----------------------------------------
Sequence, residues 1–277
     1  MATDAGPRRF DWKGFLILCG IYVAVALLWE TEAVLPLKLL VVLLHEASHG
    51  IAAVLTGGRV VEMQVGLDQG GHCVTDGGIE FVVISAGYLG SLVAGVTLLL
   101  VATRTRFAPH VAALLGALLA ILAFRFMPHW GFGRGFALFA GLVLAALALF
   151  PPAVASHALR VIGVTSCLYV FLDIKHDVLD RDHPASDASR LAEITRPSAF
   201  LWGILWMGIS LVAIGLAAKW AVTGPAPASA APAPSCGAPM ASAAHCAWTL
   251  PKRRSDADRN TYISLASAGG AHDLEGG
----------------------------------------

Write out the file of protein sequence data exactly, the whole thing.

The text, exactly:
Sequence, residues 1–277
     1  MATDAGPRRF DWKGFLILCG IYVAVALLWE TEAVLPLKLL VVLLHEASHG
    51  IAAVLTGGRV VEMQVGLDQG GHCVTDGGIE FVVISAGYLG SLVAGVTLLL
   101  VATRTRFAPH VAALLGALLA ILAFRFMPHW GFGRGFALFA GLVLAALALF
   151  PPAVASHALR VIGVTSCLYV FLDIKHDVLD RDHPASDASR LAEITRPSAF
   201  LWGILWMGIS LVAIGLAAKW AVTGPAPASA APAPSCGAPM ASAAHCAWTL
   251  PKRRSDADRN TYISLASAGG AHDLEGG